It is finally here! The very first VIP Debate Club session finally kicked off yesterday at the Bannister Hotel in Braamfontein. The debate was facilitated by VIP’s very own, Lee Molefi. Panashe Chigumadzi, the founder and editor of fast-emerging digital platform Vanguard Magazine, was our guest speaker. Vanguard is a magazine for the young, code-switching urban black woman who constantly faces duality in her life made sharp by South Africa’s often culturally and economically disparate social dynamic.
“Who says we don’t want to be African?” was the topic of conversation. The conversation took different twists and turns but remained focussed on one theme…Africanism. What does it mean to be African and are we doing it right?
Through the years there has been a growing concern that urban youths are averse to the concept of African identity. True to this, a key concern that kept creeping into the conversation was that of Western culture influencing and erasing indigenous African culture – and with it any conception of an authentic African identity we may have or try to cultivate.
Many present agreed that this argument is true to a certain extent. We see it all around us, “through the way we dress and the way we speak”, somebody said. The media also plays a huge role in this influence: from the music we enjoy to what we see on our television screens. “Do we influence each other enough?”, soon became the question.
We live in a country that is still very deeply wounded by its past and therefore it was no surprise when the conversation soon encompassed race. Chika Onyani, in his book The Capitalist Nigger, spoke on the fact that as black Africans we have a culture of consumerism yet produce or export nothing of note. Panashe touched on the lack of African industrialisation and deficit of ownership over even African products when she pointed out the fact that one of South Africa’s most popular soaps, Generations is actually not entirely owned by Mfundi Vundla, but mainly by a white company.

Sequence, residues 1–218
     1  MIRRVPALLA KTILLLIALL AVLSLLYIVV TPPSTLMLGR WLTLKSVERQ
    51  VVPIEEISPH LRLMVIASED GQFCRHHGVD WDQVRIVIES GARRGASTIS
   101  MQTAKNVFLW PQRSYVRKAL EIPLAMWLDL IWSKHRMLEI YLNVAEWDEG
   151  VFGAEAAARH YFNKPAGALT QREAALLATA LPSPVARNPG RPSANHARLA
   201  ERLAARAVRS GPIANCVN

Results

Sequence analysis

Somebody later brought up another important issue that is quite concerning: the inclination to always bring up the Western world into conversations about Africa. This is true, as it seems as if we almost instinctively measure ourselves according to Western standards, there’s always the need among Africans to compare ourselves to the West.
The topic of Africanism has been widely debated and chances are it will go on for years to come. We live in an enormous global village and it is inevitable that one way or another, cultures will clash and it is a sad reality that some cultures will overshadow others – the hegemony of Western culture in Africa being a case in point.
Panashe raised the point that perhaps this is not entirely such a bad thing, pointing out that no culture is completely pure. She argues that even in English culture in itself is not pure particularly when you look at the language and words which originate from other languages.
There was a lot of questions that were raised and as expected, an equally high number of answers and viewpoints from different people, which is good for debate.
These are some of the questions that were raised:
- You (the African) will always be a second rate version of a European, so why try to measure yourself against European “standards”?
- Who are the originators of the systems used to measure who we are and how we relate to the world as Africans?
- There are so many things we’re trying to challenge but what does it even mean? Who has told, can now tell and will tell the story of what African culture is?
Join us on the 28th of October for our second debate session and don’t forget to send us topic suggestions.
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